The Tiger Bend

The Tiger Bend!

On top of being a skill to work towards on its own, the tiger bend is also a good way to work up to a full on handstands. Since you are resting on your entire lower arm and hand you have a bigger base with which to balance.

When you get over the fact that it can be an odd position to try and get into, the benefits of the tiger bend start to shine. All the main points of holding a handstand are still there, like keeping tight, but you may have to arch your back a little more for this one.

Though it is a lateral move to the handstand, its also an advanced move that can increase the control and variety of skills you have in your library. It involves going from the Forearm Stand up into a Handstand. With a little overbalancing and strong triceps you can get there.

Since this is a move that can’t be pulled off quickly, here are two easier ways. Do the negative movement which is dropping from a Handstand into a Forearm Stand. When you go for this don’t just fall into the position but control it as much as possible.

You can also do Tiger Bend Pushups. Get in a normal pushup position except you are resting on your forearms instead of the hands. Without any rocking motion pushup on to your hands to the top position and lower back down.

These moves aren’t performed often but that doesn’t mean they aren’t great.

Stay Inverted!
-Jonathan Magno

P.S. For the more advanced inverted artist, you can try to duplicate Johnny Weber’s one arm Tiger Bend. Find out how to do it in The True Art and Science of Hand Balancing. The picture above is of Sig Klein from the same book.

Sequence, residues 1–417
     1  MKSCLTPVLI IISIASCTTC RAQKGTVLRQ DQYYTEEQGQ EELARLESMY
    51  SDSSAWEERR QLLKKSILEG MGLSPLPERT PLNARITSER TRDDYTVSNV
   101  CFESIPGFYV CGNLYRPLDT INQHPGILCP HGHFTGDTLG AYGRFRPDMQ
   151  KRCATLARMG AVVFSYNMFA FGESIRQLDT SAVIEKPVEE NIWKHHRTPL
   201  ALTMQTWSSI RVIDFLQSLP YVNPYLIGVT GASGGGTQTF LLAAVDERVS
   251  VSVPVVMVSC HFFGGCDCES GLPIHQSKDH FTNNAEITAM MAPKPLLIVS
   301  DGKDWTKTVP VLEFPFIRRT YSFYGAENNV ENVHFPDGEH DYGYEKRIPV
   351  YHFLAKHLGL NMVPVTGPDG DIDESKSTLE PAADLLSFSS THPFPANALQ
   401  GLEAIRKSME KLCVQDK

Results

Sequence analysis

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The True Art and Science of Hand Balancing

For many people, today is a special day. I’m not going to get too deep into it, but it does involve a heart, candy, and maybe some stuffed animals.

What I am going to get into is a book on hand balancing that can be used as a starting point to learning the handstand correctly as well as a look into the history of hand balancing. This book is called The True Art and Science of Hand Balancing.

The authors of the book, Professor Paulinetti and Robert L. Jones, have a combined experience of 70+ years practicing and teaching hand balancing and gymnastics. In the 1940’s they wrote THE book on this art.

Although we have many guides of information here, this book gives you an inside look at how this skill gained a following in the earlier years. This book is filled with information and insight on hand balancing

Happy Valentines Day and pick up The True Art and Science of Hand Balancing today!

Stay Inverted!
-Jonathan Magno

 

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Refining your Handstand Push up

Earlier we talked about the two types of handstand presses. Today, we’ll go a bit more into an often utilized bent arm version. The handstand pushup.

Many people begin their hand balancing against a wall. This was the case for me and I know its the same for many others.

On top of that holding a handstand while doing pushups is one of the ultimate bodyweight exercises for your upper body; with or without a wall.

Think of the upper body strength attainable by being able to rep out a freestanding handstand pushup. You can find many admirable people with supreme strength attain this move. These range from the different BAR groups like the Bar Brothers to the movement groups like GMB.

Whichever method you choose, one thing is for certain. Strength and balance are key.

One thing I noticed that tends to throw people off is their hand and arm position.

If you were to kick up against a wall to do pushups what position would you take? Is this the same position you’d take away from the wall?

Play around with the width and angle of you hands and arms and you will find you can change the difficulty of handstand pushups considerably

Discover the newfound strength in your presses with our Ultimate Guide to Handstand Push-ups Bundle.